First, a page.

The commodity asset class finished 2017 in positive territory, capping off two years of growth for the mainstream indices. Given the negative returns over the prior five years, though, this asset class still has a way to go before investors embrace it.
What will 2018 bring? Well, the current state of the economy may very well be setting up for continued strength in the commodity asset class. And given how out-of-favor the asset class has become, now may be just the time to get back in.
Commodities are Attractively Valued
Simply put, commodities look cheap. And not just on an absolute basis. When compared to the bull markets experienced in stocks and bonds since the 2009 financial crisis, commodities appear to be a bargain. These opportunities don’t last forever, though. Given their current cheapness, now may be a great time to invest in commodities.
Commodities relative value versus stocks and bonds, 2/28/2009 – 12/31/2017
Source: Bloomberg, Parametric
Commodities represented by the S&P GSCI™ Total Return Index. Stocks represented by the Russell 3000® Total Return Index. Bonds represented by ICE BofAML U.S. Corporate Index.
Current Stage of Economic Cycle Favors CommoditiesWe are currently a little more than 8½ years into the expansion phase of the present business cycle, which makes it one of the longest on record. Given the length of time since the last recession, it is very likely that we are in the later stages of growth, which is when commodities typically begin to outperform. If that is the case, commodities are well positioned to see a rally this year.
Average monthly return for commodities over the past six economic cycles favors a late-stage rally by this asset class
Source: NBER, Bloomberg, Parametric
Commodities represented by the S&P GSCI Total Return Index.
Dollar Weakness Supports CommoditiesThe U.S. dollar and commodity markets have historically displayed a negative association. As the dollar weakens against other major currencies, commodity prices tend to increase and vice versa. One explanation is that when the dollar depreciates, goods that are priced in dollars become less expensive to global users, causing demand to rise. The reverse is also true when the dollar appreciates.
S&P GSCI Total Return Index vs U.S. Dollar Index, 12/31/2010 – 12/31/2017
Source: Bloomberg, Parametric
In 2017, the U.S. dollar fell nearly 10% versus a basket of six developed currencies and, according to economists at the Institute of International Finance, it may have another 10% to go before it reaches a “fair” level with respect to the U.S. trade deficit. If that is the case, what has been a steady headwind to commodity performance over the past few years may very well turn into a tailwind.
The commodity asset class enters 2018 wildly out-of-favor after underperforming most other mainstream asset classes for several years. But don’t count commodities out just yet. If the U.S. economy has any influence, commodity prices may very well exit the year on a high note.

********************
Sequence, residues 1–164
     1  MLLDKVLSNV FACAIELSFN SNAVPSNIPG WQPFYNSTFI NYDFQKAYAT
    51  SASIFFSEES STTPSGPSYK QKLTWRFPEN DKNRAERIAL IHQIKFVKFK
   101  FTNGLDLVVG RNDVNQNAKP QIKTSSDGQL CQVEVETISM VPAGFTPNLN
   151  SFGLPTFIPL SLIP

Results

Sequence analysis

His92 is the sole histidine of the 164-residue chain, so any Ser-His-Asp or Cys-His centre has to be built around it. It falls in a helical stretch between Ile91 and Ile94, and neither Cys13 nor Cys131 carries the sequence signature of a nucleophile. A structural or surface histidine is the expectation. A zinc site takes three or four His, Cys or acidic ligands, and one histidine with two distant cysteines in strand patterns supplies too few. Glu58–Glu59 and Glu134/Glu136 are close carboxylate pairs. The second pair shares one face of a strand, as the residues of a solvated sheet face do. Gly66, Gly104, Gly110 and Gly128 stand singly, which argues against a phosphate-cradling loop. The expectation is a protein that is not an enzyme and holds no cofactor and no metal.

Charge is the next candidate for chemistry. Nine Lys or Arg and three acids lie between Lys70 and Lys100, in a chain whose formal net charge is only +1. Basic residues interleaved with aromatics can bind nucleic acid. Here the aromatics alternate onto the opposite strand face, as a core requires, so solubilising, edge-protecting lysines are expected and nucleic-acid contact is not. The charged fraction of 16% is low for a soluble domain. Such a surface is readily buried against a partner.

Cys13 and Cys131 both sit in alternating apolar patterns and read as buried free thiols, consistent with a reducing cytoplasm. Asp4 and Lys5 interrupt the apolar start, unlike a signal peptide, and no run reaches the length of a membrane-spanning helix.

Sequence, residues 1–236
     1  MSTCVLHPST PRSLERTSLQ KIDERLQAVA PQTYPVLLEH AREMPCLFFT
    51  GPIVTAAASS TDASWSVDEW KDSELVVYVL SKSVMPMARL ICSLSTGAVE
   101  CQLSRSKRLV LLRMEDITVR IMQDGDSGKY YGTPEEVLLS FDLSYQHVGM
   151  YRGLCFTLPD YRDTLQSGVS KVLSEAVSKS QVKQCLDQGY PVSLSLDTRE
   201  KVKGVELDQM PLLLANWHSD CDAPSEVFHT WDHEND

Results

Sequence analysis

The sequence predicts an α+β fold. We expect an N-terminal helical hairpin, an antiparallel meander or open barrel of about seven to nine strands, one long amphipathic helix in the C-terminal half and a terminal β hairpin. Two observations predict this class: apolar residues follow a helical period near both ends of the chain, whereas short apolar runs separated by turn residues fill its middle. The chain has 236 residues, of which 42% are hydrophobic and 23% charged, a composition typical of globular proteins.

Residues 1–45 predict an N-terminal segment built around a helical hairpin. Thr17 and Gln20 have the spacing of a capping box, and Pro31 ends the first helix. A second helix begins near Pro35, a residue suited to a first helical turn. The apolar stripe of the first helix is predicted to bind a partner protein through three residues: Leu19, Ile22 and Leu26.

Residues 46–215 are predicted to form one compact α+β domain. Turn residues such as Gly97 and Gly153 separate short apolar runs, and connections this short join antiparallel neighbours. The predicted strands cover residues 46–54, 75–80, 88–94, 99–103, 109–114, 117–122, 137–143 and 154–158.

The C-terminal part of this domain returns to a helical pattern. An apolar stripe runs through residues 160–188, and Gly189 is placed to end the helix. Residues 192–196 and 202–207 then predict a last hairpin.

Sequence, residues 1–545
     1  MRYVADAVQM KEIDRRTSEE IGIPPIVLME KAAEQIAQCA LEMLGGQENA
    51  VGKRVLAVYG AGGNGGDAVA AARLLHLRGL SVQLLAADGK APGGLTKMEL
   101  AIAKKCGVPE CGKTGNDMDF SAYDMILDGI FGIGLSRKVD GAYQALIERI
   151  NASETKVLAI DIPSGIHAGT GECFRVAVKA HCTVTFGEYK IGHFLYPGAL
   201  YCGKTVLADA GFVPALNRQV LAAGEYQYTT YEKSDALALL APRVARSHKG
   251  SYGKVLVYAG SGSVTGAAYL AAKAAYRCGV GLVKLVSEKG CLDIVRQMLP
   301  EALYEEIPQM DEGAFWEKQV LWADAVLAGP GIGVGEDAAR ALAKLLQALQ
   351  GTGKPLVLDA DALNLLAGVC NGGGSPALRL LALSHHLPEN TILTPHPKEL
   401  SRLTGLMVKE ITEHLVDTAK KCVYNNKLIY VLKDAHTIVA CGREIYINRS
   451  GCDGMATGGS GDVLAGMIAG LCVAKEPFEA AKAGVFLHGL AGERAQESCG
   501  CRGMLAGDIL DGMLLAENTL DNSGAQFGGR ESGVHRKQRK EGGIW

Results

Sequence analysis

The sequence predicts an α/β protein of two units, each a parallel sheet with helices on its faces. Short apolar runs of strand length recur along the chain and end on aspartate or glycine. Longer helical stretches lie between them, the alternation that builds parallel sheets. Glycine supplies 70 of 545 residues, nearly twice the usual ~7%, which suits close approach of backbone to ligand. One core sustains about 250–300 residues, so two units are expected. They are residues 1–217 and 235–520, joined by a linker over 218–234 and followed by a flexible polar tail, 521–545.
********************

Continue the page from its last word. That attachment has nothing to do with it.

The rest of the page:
Greg Liebl, CFA - Portfolio Manager
Mr. Liebl is responsible for all Parametric proprietary and non-discretionary commodity strategies in the Minneapolis Investment Center. Since joining Parametric in 2010*, Greg has provided Portfolio Management in the areas of risk and exposure management and customized implementation solutions.
*Reflects the year employee was hired by The Clifton Group, which was acquired by Parametric Portfolio Associates® LLC on December 31, 2012.
Investing in a commodities strategy involves risk and may not be suitable for all investors. The value of commodities investments will generally be affected by overall market movements and factors specific to a particular industry or commodity, which may include weather, embargoes, tariffs, health, and political and international and regulatory developments. Economic events and other events (whether real or perceived) can reduce the demand for commodities, which may reduce market prices and cause their value to fall. Derivative strategies also have certain disadvantages and risks. Futures require the posting of initial and variation margin. Therefore, a portion of risk capital must be preserved for this purpose rather than being allocated to a manager. The use of derivatives can lead to losses or adverse movements in the price or value of the asset, index, rate or instrument underlying a derivative due to failure of a counterparty or due to tax or regulatory constraints.
The views expressed in these posts are those of the authors and are current only through the date stated. These views are subject to change at any time based upon market or other conditions, and Parametric and its affiliates disclaim any responsibility to update such views. These views may not be relied upon as investment advice and, because investment decisions for Parametric are based on many factors, may not be relied upon as an indication of trading intent on behalf of any Parametric strategy. The discussion herein is general in nature and is provided for informational purposes only. There is no guarantee as to its accuracy or completeness. Past performance is no guarantee of future results. All investments are subject to the risk of loss.